Gibson, whose paternal grandparents were an Australian opera star and American tobacco millionaire, was born in Peekskill, New York in 1956. His family moved to Australia when Gibson was 12, where he studied acting. After he became an international movie star in the 1980s, Gibson began buying a string of luxury homes in California, Montana, Connecticut, Australia and Fiji.

While scouting locations for his 2006 film Apocalypto, Gibson went a bit further than most Americans — who tend to buy Costa Rican beach condos — and purchased an entire 403-acre beachfront jungle on Costa Rica’s Nicoya Peninsula.

Gibson’s Costa Rican estate includes three homes that are separated from each other by an extensive canopy of trees stretching across the entire property. Each of the two smaller single-story homes have two bedrooms, vaulted ceilings, kitchens, verandas and their own swimming pool, barbecue area and are fully air conditioned. Of the two, Casa Barrigona has its own poolside cottage and Casa Dorada has a loft, giving each additional sleeping space. The main two-story hacienda-style residence, Casa Guanacaste, overlooks the long, wide beach and has seven bedrooms, eight bathrooms, a large courtyard and pool and multiple terraces affording both ocean and jungle views. All three villas have been constructed of Costa Rican wood with Spanish and Italian tiles with red-barrel tile roofs that create a tropical ambiance. Located on Costa Rica’s northern Pacific Coast, beach lovers will find white-sandy beaches along with nearby steep cliffs. Animal lovers will enjoy the howler monkeys, get an occasional glimpse of an ocelot and watch sea turtles lay eggs on Gibson’s private beach.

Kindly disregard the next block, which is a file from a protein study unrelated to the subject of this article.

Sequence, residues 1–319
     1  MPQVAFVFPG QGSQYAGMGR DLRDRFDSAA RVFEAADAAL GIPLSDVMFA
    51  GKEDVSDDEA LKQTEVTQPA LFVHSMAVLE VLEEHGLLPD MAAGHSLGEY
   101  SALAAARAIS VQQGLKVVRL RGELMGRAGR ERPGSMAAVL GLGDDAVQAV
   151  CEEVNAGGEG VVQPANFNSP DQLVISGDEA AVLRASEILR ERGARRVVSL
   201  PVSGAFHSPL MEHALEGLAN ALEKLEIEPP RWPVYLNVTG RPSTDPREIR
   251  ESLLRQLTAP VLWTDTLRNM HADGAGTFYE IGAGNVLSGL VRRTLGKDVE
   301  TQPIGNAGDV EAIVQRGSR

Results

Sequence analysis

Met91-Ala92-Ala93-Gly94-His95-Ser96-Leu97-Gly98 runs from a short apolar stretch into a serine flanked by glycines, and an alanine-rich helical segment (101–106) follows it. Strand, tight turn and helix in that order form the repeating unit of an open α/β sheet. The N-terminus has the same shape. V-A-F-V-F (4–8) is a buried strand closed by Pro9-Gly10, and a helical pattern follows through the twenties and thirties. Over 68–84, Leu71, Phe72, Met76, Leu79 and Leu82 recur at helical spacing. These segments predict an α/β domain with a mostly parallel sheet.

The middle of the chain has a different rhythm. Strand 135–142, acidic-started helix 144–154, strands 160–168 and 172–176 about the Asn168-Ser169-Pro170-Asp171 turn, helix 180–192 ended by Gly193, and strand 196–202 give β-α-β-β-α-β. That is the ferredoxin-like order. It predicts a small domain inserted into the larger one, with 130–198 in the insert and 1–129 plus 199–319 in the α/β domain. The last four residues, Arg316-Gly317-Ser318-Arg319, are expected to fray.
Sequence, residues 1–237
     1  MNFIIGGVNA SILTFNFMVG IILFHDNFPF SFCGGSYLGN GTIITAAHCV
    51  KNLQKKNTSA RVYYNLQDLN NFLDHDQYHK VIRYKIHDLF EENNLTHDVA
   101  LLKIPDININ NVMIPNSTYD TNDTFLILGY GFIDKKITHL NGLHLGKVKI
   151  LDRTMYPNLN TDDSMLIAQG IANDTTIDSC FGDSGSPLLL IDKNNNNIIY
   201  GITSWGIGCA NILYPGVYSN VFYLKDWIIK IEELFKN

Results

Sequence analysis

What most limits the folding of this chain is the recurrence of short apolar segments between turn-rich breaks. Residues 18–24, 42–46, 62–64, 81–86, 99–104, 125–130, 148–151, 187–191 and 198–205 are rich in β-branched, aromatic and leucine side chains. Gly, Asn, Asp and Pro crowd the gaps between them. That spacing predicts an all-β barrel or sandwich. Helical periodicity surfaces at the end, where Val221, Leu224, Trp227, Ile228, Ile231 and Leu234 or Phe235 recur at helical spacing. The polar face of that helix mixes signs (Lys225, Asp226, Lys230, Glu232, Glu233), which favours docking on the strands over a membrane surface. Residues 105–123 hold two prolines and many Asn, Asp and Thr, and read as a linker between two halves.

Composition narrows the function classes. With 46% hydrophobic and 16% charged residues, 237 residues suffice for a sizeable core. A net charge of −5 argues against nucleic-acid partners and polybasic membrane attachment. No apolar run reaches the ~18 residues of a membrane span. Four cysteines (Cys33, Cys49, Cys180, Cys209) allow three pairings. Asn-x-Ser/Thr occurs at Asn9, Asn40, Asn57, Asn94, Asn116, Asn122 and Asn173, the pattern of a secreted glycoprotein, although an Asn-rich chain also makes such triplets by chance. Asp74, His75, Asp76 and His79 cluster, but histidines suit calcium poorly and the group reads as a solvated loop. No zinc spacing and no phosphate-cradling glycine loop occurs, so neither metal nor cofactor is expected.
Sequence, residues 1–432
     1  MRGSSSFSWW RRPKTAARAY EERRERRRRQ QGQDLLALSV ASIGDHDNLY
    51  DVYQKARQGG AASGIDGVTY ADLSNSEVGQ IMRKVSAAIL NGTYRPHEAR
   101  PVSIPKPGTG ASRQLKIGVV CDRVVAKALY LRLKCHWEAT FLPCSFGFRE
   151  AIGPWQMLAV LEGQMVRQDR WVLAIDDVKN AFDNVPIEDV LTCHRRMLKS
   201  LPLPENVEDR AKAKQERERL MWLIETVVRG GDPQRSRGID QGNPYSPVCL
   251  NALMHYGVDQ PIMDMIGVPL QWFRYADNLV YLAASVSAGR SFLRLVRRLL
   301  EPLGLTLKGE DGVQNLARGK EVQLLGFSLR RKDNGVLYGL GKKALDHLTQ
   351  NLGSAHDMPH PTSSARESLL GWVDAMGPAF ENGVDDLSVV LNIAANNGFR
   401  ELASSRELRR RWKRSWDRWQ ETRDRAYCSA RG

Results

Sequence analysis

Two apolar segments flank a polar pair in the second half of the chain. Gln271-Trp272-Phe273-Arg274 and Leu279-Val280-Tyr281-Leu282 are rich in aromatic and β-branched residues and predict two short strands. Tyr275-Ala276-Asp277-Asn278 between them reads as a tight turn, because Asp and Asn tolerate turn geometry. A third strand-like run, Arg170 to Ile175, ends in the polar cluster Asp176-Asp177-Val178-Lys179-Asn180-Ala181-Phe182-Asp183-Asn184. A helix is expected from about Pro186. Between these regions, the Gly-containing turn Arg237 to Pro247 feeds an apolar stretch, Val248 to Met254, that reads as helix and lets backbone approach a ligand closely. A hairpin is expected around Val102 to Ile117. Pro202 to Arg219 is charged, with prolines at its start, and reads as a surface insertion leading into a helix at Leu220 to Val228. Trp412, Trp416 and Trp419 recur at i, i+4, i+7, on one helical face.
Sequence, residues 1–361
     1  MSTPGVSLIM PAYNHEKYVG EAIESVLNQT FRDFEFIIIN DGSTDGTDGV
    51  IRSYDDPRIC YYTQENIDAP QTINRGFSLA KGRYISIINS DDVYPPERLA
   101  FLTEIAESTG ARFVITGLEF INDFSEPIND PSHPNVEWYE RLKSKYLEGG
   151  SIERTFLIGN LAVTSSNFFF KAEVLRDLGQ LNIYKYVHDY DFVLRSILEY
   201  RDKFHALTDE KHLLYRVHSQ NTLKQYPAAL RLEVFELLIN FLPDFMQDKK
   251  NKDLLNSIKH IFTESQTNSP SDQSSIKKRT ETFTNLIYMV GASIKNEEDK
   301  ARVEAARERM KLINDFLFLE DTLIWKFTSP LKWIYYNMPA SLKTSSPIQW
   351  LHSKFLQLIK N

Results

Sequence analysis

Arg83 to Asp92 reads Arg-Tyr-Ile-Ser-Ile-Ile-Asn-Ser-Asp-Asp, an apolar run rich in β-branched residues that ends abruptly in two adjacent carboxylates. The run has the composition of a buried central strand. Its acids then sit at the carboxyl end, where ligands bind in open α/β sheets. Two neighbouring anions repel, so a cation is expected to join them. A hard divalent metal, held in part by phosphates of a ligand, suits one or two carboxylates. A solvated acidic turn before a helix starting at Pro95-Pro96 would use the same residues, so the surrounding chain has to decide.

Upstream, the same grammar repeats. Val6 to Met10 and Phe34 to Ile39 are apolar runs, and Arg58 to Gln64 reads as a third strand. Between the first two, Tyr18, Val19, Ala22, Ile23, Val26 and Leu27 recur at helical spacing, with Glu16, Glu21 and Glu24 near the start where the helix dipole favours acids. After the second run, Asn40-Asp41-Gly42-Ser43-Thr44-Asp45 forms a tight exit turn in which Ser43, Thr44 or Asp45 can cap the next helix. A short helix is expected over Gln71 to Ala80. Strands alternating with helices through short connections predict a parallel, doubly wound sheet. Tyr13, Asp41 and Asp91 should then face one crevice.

The nearby villages of Samara and Nosara offer quaint restaurants and shops, but peace and quiet are the hallmarks of this stunning estate.

The listing is held by Robert Davey of Plantacion Properties and Rick Moeser of Christie’s International Real Estate.

Braveheart Oscar winning director and actor, Mel Gibson, whose most recent critically acclaimed film is Hacksaw Ridge, is selling his romantic, ultimate getaway, Playa Barrigona, now reduced from $35 million to $29.75 million (U.S.).

toptenrealestatedeals.com



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The Daniels Corporation

An innovative collaboration in affordable homeownership

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An innovative collaboration in affordable homeownership

Photograpy courtesy of Arthur Mola Photography

In a transformational private/public collaboration of city building in Toronto, The Daniels Corporation, together with their partner Diamond Corp., broke ground on a new 3.6-acre condominium community at 5131 Sheppard Avenue East called Daniels FirstHome Markham Sheppard.

Purchased from Build Toronto, the lands will be transformed into a community of 328 contemporary midrise condominium suites and townhomes designed with first-time buyers in mind. These lands were tendered for sale incorporating a mandate to provide 30 per cent affordable ownership housing within the entire community – demonstrating that significant long-term value can be achieved through intentional disposition of public assets.